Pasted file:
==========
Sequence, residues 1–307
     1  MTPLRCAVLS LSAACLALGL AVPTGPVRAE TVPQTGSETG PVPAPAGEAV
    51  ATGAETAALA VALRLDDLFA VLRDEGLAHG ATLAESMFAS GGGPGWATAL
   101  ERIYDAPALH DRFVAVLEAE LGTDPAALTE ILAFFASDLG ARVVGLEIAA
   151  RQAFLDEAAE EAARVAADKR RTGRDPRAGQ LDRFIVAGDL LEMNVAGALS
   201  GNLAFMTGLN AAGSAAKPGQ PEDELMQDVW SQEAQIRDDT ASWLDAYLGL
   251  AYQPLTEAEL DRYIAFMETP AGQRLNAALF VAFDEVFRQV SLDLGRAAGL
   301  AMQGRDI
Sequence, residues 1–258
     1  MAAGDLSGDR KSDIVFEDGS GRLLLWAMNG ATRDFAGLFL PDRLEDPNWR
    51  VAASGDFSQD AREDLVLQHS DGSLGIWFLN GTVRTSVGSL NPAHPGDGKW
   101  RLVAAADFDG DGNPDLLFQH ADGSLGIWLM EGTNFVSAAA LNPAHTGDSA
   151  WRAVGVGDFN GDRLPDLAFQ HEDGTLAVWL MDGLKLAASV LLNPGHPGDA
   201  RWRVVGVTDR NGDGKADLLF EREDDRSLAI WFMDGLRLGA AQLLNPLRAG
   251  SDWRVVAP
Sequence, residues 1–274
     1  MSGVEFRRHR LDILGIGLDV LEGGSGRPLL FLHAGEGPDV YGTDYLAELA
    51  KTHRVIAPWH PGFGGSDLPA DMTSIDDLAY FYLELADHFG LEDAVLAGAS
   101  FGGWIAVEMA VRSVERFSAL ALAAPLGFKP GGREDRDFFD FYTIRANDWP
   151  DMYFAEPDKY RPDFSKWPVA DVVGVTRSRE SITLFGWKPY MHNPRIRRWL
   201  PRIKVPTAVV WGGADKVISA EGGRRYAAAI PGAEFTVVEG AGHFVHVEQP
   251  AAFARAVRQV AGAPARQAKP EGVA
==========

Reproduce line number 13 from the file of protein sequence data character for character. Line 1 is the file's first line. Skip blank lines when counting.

   151  WRAVGVGDFN GDRLPDLAFQ HEDGTLAVWL MDGLKLAASV LLNPGHPGDA